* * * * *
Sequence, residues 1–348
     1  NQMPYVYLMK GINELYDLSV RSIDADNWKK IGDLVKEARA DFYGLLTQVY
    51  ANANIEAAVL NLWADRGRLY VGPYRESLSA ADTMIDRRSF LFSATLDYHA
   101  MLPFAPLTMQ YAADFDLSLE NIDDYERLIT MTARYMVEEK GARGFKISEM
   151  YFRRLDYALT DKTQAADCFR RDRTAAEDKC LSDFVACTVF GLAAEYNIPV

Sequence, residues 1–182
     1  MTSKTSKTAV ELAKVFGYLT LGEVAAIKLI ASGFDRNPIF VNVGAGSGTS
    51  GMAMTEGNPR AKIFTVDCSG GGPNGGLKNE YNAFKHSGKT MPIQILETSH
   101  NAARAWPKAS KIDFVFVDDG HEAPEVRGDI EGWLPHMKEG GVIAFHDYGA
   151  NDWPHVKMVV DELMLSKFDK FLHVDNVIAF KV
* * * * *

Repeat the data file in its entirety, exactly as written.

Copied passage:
Sequence, residues 1–348
     1  NQMPYVYLMK GINELYDLSV RSIDADNWKK IGDLVKEARA DFYGLLTQVY
    51  ANANIEAAVL NLWADRGRLY VGPYRESLSA ADTMIDRRSF LFSATLDYHA
   101  MLPFAPLTMQ YAADFDLSLE NIDDYERLIT MTARYMVEEK GARGFKISEM
   151  YFRRLDYALT DKTQAADCFR RDRTAAEDKC LSDFVACTVF GLAAEYNIPV

Sequence, residues 1–182
     1  MTSKTSKTAV ELAKVFGYLT LGEVAAIKLI ASGFDRNPIF VNVGAGSGTS
    51  GMAMTEGNPR AKIFTVDCSG GGPNGGLKNE YNAFKHSGKT MPIQILETSH
   101  NAARAWPKAS KIDFVFVDDG HEAPEVRGDI EGWLPHMKEG GVIAFHDYGA
   151  NDWPHVKMVV DELMLSKFDK FLHVDNVIAF KV